There was no documentation that the doctors obtained sexual histories of the women, he said, noting the extent of sexual history was to inquire about their marital status.

The doctors also did no retesting to confirm the positive results, except in one case with a "gray zone" result, he said. They were "taken aback" when told the results were false, he said.

Katz said studies have shown physicians aren't comfortable talking about sex and obtaining sexual histories.

"We need to make this a normal part of the patient-physician encounter," he said.

Doctors are better able to interpret test results correctly when they know a patient's sexual history, he said.

A doctor who knows a patient is in a long-term monogamous relationship can question a positive test for gonorrhea and retest, "perhaps preventing unnecessary psychological distress to a patient who's not expecting bad news," he said.

Katz said the UH John A. Burns School of Medicine and the Department of Health are trying to educate students and physicians in the community about the need to take sexual histories.

The laboratory in the false positive cases "was extremely helpful," he said. It is including a reminder with lab results that false positive results could occur and the patient may want to consider retesting if his or her sexual history doesn't support it.

Katz noted an article in The Lancet journal about uses and abuses of screening tests that said, "Although failing to diagnose sexually transmitted diseases can have important health implications, incorrectly labeling people as infected can wreck marriages and damage lives."

He said he doesn't know of any lawsuits filed locally over erroneous STD test results but that is a concern.

Doctors who don't obtain sexual histories may miss sexually active adolescents, older people and partners with outside sexual relationships who should be screened for sexually transmitted diseases, he said.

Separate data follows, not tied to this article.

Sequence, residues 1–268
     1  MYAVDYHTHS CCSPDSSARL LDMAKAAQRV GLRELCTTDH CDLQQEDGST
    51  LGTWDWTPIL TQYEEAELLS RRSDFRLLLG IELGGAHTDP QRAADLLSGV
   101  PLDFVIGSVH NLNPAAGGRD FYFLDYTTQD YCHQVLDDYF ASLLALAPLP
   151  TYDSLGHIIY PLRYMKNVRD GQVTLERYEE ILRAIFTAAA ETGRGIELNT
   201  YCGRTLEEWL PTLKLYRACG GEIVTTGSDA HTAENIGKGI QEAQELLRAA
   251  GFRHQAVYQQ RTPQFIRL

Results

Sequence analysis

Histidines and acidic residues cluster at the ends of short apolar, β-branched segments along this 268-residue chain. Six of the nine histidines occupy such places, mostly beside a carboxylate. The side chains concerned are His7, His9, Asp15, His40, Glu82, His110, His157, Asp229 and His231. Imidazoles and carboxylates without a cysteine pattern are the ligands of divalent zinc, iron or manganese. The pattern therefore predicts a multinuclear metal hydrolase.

"Not a lot of 10- to 14-year-old kids are sexually active, but those that are, are at high risk for gonorrhea and chlamydia," he said.

In an editorial accompanying the article, Dr. Jeffrey Klausner, head of the STD program in San Francisco, agreed that all patients should routinely be asked if they are sexually active.

He said the response should be documented and followed up with questions about the specific sexual activity and the number of partners involved.

"The failure to elicit a sexual history from persons at risk for STDs and HIV infection has been called 'tantamount to malpractice' and on the order of not taking a history of drug allergies in patients being prescribed medications," Klausner wrote.

The adverse impact of the false screening tests in Hawaii points to the need "for greater national and local leadership to educate clinicians in the proper use of STD screening tests," he said. "The response in Hawaii to create a laboratory-based educational program was enlightened."


E-mail to City Desk


Text Site Directory:
[News] [Business] [Features] [Sports] [Editorial] [Do It Electric!]
[Classified Ads] [Search] [Subscribe] [Info] [Letter to Editor]
© 2004 Honolulu Star-Bulletin --